Guys, I remember tuning a car by ear with a timing light, vacuum gauge, feeling things out literally with my hands and so forth. Boy has the world changed. As the vehicles got smarter and smarter, someone decided to add On-Board Diagnostics (OBD) in the early 1980s first with the idiot “check engine” light and then it got more and more involved. Modern cars and trucks in the US have an OBD II jack where you can plug in, read and clear fault codes, access real-time information and so forth.
Back in 2013 I saved my pennies and finally bought my own Autel Autolink Scanner for $102. Wow – I thought was so cool. I used it whenever fault codes popped up to figure out what it was but I had to lug the thing around and it wasn’t something you could readily update, etc.
A friend of mine came over about a year back to check on one of our cars. He pulled a little black rectangle out of his jacket, plugged it into the car and then started looking at his phone. I asked him what he was doing and he showed me that he was accessing the codes. I was floored.
In June 2016, I decided to go the phone route to have a current scanner and a better interface. After digging, I bought a BAFX Products 34t5 Bluetooth OBDII adapter for Android phones (about $22) and I got the Torque software for my Samsung Note Android phone off the Google Play store for free. What a difference. The BAFX adapter was easy to carry around, I could customize the gauges I was looking at, and so forth. For me this combo rocks. It does all I need. I really like it being cordless – you can walk around and so forth and still see the data.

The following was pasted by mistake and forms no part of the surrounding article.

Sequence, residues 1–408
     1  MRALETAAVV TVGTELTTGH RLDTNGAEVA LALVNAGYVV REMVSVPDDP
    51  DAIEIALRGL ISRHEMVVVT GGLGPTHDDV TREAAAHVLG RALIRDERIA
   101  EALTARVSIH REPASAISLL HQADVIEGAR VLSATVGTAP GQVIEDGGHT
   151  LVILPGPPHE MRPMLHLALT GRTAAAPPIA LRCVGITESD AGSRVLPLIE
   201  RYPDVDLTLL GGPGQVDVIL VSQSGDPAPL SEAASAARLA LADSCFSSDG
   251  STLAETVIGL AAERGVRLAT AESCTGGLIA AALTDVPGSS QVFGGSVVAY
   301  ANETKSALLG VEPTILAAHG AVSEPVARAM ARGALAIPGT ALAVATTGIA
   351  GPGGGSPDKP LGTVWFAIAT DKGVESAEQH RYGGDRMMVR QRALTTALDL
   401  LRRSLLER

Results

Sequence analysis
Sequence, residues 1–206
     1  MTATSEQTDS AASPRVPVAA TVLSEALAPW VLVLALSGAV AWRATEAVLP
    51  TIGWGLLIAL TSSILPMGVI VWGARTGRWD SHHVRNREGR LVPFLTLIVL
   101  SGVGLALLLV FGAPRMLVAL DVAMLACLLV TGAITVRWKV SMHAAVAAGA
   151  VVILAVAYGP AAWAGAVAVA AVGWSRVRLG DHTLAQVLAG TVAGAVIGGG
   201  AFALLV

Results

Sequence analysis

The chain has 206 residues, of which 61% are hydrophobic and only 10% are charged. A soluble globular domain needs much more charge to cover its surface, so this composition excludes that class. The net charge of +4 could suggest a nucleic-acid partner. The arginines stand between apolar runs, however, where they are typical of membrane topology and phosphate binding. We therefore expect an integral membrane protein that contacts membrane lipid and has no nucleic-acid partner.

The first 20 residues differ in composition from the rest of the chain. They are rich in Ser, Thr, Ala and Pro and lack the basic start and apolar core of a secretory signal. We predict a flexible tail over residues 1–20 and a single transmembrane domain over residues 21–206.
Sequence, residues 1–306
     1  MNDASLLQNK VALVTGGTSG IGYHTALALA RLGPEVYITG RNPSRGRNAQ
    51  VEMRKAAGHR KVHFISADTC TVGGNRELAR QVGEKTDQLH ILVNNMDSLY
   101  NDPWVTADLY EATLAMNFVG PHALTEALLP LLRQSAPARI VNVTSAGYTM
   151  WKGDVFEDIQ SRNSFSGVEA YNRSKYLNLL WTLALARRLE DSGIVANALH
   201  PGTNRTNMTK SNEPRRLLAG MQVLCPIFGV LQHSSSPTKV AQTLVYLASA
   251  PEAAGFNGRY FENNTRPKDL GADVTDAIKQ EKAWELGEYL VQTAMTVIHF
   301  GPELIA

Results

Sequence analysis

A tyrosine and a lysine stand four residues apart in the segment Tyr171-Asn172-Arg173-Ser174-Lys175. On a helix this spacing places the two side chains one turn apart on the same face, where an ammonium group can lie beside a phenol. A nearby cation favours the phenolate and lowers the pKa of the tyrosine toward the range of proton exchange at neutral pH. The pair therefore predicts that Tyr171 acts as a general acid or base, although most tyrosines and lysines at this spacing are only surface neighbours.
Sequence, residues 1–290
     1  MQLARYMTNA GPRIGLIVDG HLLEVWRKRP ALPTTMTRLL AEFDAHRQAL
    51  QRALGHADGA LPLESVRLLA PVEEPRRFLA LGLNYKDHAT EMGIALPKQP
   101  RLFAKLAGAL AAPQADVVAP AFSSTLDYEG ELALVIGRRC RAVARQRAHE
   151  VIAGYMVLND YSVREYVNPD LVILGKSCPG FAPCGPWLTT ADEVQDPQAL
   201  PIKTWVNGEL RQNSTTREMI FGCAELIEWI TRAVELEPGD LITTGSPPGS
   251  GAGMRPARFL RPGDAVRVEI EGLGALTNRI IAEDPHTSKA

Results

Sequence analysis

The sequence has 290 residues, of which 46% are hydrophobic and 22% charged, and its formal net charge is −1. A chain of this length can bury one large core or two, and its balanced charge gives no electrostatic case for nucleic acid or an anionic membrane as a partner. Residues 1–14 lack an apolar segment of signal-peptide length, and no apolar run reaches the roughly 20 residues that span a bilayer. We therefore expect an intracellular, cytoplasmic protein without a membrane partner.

By the way, installation is simple. You follow the instructions to pair the scanner to your phone just like you would any other Bluetooth Device. I downloaded Torque from the Google Play store on my phone in a matter of minutes and it is pretty much good to go. You can create profiles for different vehicles in the software, change gauges you want to watch, their style, how they are grouped and so forth.
The following are screenshots from my phone plus you can see the little adapter that is a bit smaller than a cigarette box.
For example, my 2002 Camry’s check engine light is on and I could use the BAFX adapter and Torque to find out what the code was and then search using Google to decide what to do:
I really like the combination and recommend them. In general, I am amazed by all the functionality that is showing up where the smart phone provides the brain and display thus dropping costs dramatically. My recent GiraffeCam endoscope is another example.
By the way, I am so happy with this combination of BAFX scanner and Torque software that I sold my Autel scanner on eBay.
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